A road trip with my daughter Charlotte to Glencoe in which we have an overnight camp out at the Glencoe Mountain Ski Resort. The following day we set off early to hike the trail leading to The Lost Valley.
The Lost Valley was where the Macdonalds were supposed to hide the cattle they had rustled from their neighbours, or perhaps, where they hid their cattle to stop them being rustled by their neighbours! The geologists tell us that the lost valley was formed by the weight of ice that could not escape from the valley as the huge ice cap flowed down to the sea through the pass of Glencoe from off Rannoch Moor. Even knowing all this, the size of the valley still comes as a complete surprise the first time it is viewed.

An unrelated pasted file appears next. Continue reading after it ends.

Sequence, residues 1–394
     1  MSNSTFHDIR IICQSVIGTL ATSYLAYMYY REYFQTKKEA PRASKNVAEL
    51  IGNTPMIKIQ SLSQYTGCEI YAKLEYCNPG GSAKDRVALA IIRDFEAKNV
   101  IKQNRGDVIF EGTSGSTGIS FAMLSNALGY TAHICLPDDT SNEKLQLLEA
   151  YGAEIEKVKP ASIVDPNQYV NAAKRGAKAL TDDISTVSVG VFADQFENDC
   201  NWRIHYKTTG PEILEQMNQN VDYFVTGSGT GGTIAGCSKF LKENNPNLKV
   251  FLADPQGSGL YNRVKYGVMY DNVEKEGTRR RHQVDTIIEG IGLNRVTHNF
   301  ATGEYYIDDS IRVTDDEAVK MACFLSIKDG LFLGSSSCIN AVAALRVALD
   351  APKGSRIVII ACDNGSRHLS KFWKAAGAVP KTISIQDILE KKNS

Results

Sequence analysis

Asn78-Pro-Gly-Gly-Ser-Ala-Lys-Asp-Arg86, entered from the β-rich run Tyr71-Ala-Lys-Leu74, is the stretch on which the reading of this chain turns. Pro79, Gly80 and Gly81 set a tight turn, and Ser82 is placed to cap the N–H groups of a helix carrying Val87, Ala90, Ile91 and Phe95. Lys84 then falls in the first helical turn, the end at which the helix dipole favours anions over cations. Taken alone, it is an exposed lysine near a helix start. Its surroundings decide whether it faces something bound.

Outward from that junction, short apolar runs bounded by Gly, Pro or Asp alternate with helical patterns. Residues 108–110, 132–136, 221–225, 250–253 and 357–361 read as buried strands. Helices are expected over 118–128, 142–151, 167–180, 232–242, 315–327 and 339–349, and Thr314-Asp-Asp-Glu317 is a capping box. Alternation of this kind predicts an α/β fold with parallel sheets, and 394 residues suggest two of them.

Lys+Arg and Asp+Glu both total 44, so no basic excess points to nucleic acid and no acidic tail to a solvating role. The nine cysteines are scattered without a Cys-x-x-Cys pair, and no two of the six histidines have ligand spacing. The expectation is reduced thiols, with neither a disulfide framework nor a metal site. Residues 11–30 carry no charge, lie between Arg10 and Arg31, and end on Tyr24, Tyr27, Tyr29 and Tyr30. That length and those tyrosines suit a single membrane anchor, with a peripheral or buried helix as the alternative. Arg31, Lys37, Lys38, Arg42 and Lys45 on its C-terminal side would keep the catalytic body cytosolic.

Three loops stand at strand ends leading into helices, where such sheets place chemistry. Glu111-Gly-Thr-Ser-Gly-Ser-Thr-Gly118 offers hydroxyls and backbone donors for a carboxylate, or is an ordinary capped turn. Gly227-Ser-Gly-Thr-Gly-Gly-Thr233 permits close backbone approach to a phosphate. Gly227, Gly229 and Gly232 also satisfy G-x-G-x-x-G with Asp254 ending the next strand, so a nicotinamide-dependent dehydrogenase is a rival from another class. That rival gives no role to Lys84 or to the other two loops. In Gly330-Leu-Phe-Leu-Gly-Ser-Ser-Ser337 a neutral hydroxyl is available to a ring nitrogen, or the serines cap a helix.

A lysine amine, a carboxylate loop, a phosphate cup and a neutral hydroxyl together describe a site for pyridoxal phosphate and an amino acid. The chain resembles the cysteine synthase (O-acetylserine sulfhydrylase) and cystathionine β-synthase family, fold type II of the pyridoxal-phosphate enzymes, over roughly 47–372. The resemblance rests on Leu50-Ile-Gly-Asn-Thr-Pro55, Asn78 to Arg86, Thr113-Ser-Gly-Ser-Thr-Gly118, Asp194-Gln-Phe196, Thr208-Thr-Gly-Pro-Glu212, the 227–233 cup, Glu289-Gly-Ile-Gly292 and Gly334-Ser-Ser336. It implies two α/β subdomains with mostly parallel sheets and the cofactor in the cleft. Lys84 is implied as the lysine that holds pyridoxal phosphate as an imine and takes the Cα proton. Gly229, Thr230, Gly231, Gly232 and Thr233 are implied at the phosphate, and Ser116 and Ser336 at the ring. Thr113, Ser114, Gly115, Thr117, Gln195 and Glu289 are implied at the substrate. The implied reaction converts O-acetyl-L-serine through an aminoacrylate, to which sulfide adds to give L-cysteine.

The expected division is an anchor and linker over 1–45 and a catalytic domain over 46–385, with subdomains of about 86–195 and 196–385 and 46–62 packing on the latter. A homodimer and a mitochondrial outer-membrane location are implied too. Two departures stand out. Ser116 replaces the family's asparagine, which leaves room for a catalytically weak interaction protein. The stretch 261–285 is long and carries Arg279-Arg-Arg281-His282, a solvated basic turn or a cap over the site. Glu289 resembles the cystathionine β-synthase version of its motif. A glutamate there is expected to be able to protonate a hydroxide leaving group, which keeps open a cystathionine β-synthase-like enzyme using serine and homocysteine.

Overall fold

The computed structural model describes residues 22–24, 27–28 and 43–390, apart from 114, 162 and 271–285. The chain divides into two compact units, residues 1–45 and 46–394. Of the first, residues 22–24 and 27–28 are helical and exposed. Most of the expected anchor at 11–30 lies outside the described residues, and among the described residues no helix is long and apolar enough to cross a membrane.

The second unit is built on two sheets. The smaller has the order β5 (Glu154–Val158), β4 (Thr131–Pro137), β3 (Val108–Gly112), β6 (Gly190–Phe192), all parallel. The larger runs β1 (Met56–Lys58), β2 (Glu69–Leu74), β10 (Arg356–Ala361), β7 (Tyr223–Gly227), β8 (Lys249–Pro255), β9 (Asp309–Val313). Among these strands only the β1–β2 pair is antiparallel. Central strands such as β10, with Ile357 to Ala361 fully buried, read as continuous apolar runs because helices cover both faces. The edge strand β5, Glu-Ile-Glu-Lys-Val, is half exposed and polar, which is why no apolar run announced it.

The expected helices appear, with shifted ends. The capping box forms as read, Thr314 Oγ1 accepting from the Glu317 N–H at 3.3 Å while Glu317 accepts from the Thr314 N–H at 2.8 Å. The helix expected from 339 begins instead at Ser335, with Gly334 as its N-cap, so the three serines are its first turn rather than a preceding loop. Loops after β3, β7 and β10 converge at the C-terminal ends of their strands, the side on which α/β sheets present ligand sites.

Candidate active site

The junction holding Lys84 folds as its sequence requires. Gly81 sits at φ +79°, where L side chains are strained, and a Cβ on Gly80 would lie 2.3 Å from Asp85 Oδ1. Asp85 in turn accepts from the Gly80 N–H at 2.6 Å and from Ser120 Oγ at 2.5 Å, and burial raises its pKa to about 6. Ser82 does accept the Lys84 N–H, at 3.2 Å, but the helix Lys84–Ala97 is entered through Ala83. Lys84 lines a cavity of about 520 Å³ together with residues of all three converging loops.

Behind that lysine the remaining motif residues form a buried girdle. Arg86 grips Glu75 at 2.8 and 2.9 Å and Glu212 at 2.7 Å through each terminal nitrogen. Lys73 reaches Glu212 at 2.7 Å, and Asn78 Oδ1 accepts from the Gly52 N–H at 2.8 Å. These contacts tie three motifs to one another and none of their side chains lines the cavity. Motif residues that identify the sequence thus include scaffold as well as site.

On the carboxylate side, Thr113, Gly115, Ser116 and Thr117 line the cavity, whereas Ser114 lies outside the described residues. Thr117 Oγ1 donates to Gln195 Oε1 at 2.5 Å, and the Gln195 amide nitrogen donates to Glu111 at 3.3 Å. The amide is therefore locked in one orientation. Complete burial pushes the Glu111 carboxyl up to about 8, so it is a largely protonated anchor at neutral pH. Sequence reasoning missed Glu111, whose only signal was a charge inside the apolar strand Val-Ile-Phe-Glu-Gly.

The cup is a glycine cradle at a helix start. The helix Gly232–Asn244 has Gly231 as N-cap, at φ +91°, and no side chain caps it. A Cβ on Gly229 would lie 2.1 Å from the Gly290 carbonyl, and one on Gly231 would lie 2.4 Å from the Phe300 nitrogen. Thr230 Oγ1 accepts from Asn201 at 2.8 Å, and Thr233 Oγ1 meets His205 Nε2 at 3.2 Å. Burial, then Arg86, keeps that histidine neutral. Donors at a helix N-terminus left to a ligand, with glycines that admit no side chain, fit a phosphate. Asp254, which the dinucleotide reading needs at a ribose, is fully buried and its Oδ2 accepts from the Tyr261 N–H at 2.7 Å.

Looking down from the car park towards where the river must be – the gorge is so deep that the river is not really visible from the car park – the old road can be seen. Descend to the old road and turn left along it. Soon a set of metal steps lead down to a bridge over the river. A brief scramble up the rocks on the other side joins the path that rises quite steeply up the hill between Beinn Fhada and Gearr Aonach, the left two of the three sisters of Glencoe. All the way into the valley the path is quite clear even when it crosses the deer fence. There is a small river to cross shortly before to arrive at the lost valley itself, and this can be tricky or not even possible if the river is in spate after a period of heavy rain. Coming up over the final rise the valley stretches out a long way to each side and forward to the buttresses leading up to Bidean nam Bean. It is good to wander around the valley for a short while and consider, ”how on earth did the Macdonalds get the cattle up here in the first place?“
Music: 'Slow Motion', Courtesy of https://www.bensound.com/